"And just two men, locked in a hut for six months of dark and cold, would probably kill each other, he concluded."

"So it would have to be one person alone. As the leader of the expedition, he felt obliged to assign himself to the job.... Once the sun set, on April 12, he would be stuck. No plane could fly in again until the sun returned in October.... Byrd at first took comfort in his routine of weather observations and in constantly rearranging his supply closets.... His cabin was buried in the snow, to present a low profile to the wind; the only way out was through a hatch in the roof.... On the page, Byrd’s voice cries out like the merciless Antarctic wind. He sits in his sleeping bag playing solitaire. He bangs around in the dark, fetching food and fuel from his storage tunnels.... He registers the ice crawling up the inside walls of his cabin, and the drifts of snow that cover him whenever he manages to lift the hatch to peer out at the weather and tend his instruments. Weakened by the carbon-monoxide fumes from his stove, he throws up most of his food. He stares at sleeping pills and wonders if he should take them. 'The dark side of man’s mind seems to be a sort of antenna tuned to catch gloomy thoughts from all directions,' he wrote of a particularly bitter day early in June. 'I found it so with mine.'"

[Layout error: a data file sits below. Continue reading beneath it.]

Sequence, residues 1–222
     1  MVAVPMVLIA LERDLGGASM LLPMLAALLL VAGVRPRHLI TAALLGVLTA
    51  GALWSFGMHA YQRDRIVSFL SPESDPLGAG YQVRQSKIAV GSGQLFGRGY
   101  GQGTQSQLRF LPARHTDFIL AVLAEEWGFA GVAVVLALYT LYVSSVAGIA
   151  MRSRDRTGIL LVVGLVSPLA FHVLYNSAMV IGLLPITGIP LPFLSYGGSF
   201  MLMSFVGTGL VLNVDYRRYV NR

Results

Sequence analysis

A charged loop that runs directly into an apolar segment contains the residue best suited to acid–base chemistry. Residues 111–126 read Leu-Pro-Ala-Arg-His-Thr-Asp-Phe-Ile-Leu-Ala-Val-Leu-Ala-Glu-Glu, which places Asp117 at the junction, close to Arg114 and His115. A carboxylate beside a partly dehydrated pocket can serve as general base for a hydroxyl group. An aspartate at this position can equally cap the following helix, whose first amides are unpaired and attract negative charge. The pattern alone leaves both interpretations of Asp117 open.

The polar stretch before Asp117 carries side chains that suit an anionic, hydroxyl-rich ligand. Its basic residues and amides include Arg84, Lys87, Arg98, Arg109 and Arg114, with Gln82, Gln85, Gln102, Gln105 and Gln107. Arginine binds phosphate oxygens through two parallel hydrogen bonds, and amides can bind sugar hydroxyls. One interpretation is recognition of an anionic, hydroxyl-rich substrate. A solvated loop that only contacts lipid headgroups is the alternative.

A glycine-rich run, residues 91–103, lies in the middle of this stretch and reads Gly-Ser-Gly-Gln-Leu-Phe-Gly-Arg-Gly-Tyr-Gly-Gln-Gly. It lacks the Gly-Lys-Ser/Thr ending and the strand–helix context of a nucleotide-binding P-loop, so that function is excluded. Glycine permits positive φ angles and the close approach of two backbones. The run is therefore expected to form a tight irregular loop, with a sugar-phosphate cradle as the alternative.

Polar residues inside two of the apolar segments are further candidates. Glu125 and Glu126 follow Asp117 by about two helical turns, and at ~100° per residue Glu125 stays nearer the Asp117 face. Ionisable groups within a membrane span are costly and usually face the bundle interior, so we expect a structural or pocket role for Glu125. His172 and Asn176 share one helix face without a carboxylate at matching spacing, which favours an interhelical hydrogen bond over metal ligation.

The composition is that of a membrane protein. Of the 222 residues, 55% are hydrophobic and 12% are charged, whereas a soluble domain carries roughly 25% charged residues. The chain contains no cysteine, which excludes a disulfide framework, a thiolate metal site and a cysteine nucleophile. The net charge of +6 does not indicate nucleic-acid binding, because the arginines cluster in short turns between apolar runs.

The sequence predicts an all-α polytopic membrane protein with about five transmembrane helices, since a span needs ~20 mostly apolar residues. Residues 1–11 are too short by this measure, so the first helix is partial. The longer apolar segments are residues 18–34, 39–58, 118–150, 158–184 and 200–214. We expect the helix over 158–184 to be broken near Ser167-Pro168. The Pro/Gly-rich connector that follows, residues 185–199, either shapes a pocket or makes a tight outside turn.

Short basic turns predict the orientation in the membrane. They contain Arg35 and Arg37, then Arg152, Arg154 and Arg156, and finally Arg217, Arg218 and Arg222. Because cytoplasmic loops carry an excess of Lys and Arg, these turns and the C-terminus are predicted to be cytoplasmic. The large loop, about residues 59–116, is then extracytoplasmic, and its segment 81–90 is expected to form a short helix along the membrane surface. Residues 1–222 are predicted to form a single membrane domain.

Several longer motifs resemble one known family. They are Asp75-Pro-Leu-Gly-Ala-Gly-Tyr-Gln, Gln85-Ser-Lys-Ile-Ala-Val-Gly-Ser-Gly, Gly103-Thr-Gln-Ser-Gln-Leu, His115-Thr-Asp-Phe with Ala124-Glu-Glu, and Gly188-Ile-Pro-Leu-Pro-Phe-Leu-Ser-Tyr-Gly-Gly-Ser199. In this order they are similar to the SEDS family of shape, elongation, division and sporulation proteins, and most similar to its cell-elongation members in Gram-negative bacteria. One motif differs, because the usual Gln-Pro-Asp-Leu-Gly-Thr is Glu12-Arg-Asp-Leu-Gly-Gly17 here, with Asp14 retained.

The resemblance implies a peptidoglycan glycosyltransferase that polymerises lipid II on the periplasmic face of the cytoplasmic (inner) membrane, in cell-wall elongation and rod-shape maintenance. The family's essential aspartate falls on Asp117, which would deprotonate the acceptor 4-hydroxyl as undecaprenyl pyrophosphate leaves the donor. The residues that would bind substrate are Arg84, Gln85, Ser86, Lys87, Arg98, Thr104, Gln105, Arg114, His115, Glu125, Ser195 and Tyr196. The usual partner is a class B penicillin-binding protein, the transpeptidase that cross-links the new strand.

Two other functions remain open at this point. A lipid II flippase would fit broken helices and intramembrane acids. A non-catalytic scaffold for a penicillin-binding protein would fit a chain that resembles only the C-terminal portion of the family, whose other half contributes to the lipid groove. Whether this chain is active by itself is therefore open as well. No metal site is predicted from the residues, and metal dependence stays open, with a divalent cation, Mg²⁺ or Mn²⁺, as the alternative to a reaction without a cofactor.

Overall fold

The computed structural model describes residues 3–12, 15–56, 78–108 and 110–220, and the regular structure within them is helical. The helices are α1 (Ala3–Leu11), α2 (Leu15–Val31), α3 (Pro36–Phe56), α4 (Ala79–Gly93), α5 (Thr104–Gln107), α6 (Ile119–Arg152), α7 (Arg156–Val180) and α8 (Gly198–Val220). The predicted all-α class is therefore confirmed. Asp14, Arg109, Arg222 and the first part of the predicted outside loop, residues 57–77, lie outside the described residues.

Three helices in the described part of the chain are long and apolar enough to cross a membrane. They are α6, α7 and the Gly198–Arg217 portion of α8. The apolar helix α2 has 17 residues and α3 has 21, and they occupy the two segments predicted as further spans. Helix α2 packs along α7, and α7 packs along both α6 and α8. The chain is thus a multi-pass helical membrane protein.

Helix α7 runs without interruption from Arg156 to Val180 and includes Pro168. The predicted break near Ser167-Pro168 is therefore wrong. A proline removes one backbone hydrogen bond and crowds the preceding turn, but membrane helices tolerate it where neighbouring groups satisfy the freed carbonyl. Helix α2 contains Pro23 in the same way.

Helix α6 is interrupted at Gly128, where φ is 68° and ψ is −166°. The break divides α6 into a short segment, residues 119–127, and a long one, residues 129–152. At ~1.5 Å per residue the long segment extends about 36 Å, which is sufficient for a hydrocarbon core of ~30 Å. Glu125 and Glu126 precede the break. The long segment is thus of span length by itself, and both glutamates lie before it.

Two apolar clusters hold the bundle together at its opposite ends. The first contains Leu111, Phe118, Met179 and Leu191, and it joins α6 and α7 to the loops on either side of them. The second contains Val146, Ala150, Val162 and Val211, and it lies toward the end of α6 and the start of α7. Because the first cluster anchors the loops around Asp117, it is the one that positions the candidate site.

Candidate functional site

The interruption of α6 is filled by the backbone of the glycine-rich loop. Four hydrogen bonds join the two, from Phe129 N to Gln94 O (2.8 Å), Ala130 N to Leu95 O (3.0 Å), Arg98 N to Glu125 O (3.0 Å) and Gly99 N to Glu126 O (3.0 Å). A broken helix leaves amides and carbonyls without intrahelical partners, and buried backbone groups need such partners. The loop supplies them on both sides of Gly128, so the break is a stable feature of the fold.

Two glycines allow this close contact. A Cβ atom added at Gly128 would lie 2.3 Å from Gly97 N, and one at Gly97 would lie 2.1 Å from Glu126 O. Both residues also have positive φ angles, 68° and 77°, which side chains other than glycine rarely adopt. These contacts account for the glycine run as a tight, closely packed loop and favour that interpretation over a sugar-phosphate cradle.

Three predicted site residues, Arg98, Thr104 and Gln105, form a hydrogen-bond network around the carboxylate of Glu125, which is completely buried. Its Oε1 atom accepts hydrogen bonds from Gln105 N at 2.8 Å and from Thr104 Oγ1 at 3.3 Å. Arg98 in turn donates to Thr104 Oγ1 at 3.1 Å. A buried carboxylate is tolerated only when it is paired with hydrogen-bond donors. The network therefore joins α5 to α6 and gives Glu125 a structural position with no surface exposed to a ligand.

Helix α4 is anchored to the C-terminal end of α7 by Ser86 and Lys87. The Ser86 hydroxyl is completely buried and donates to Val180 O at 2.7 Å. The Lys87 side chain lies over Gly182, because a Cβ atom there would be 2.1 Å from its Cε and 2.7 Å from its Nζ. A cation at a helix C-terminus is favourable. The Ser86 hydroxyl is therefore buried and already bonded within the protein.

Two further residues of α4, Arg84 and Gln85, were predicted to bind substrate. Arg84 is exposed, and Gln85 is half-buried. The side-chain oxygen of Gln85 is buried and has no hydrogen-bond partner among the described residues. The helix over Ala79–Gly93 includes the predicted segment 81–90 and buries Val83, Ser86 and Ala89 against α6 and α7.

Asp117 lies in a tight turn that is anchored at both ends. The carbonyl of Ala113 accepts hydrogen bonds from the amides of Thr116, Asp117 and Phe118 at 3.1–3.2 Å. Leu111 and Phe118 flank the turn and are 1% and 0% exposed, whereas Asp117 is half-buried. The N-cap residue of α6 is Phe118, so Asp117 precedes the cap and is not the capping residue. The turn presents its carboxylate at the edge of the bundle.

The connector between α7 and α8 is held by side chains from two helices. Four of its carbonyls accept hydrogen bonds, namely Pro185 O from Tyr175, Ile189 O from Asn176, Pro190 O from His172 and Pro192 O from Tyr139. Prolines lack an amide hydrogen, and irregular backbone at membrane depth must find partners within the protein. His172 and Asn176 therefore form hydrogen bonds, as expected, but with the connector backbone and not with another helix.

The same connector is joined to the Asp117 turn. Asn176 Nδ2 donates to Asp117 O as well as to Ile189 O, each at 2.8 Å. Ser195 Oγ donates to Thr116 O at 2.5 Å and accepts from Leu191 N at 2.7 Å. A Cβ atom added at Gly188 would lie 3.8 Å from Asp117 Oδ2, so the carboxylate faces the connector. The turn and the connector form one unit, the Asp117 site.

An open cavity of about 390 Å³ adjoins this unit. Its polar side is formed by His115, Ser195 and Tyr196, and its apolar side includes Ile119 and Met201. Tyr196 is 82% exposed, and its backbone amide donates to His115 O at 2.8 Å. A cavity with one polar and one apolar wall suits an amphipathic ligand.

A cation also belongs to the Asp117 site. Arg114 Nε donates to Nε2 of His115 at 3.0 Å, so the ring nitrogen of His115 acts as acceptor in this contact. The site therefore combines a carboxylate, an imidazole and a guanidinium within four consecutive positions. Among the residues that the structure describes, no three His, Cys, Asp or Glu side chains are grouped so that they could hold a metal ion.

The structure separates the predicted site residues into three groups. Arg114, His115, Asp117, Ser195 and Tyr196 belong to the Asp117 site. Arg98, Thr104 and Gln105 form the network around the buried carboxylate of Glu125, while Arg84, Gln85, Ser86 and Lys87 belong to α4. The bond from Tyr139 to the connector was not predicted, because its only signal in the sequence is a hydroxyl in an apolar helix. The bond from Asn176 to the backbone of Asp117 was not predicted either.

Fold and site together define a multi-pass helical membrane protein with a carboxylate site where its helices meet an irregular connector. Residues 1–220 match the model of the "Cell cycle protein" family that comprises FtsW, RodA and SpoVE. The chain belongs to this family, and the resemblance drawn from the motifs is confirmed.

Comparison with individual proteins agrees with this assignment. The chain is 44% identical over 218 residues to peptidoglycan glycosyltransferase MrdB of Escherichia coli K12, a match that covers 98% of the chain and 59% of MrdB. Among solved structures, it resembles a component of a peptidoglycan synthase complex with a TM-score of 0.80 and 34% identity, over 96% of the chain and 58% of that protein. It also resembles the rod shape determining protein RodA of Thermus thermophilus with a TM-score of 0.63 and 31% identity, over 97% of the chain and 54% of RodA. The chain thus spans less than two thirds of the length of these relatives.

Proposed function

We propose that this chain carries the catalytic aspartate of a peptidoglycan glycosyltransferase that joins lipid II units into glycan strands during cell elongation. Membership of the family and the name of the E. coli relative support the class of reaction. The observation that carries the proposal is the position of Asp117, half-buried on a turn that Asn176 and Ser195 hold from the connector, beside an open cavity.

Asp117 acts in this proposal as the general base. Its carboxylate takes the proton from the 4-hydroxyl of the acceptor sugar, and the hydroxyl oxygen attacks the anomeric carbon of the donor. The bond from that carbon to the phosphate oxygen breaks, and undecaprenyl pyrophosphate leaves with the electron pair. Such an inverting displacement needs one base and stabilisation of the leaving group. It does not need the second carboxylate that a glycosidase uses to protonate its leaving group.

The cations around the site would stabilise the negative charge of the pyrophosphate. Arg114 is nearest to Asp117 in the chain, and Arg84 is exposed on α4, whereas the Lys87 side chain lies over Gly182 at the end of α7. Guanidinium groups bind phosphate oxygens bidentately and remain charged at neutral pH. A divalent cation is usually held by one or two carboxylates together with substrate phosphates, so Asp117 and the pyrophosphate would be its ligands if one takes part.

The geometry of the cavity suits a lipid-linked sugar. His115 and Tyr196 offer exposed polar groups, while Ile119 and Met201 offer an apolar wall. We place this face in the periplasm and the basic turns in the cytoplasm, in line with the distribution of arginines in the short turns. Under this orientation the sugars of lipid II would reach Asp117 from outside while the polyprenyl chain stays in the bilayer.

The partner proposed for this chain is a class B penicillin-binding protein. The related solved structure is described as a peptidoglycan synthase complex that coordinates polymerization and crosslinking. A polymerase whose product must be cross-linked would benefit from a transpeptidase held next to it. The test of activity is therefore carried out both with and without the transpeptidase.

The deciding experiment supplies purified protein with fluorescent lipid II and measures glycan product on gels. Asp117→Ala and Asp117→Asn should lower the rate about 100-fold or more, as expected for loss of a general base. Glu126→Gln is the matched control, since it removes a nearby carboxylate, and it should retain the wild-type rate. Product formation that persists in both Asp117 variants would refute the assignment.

From "Self-Isolated at the End of the World/Alone in the long Antarctic night, Adm. Richard E. Byrd endured the ultimate in social distancing" (NYT).

No comments:

Post a Comment